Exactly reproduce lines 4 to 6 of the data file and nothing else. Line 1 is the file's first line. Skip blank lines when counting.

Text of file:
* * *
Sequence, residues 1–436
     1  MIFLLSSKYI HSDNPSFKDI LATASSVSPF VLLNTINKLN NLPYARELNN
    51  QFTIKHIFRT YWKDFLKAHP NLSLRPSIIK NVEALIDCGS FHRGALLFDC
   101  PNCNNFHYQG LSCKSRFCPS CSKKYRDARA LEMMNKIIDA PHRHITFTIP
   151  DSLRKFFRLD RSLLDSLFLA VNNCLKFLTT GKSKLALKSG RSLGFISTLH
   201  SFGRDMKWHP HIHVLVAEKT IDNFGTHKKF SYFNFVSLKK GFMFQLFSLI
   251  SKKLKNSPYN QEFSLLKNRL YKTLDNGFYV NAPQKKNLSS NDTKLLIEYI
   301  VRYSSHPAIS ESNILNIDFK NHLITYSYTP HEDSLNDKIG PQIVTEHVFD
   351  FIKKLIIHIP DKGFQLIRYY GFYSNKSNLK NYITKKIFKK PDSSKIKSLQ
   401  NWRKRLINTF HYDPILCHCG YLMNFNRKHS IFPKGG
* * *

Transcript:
   101  PNCNNFHYQG LSCKSRFCPS CSKKYRDARA LEMMNKIIDA PHRHITFTIP
   151  DSLRKFFRLD RSLLDSLFLA VNNCLKFLTT GKSKLALKSG RSLGFISTLH
   201  SFGRDMKWHP HIHVLVAEKT IDNFGTHKKF SYFNFVSLKK GFMFQLFSLI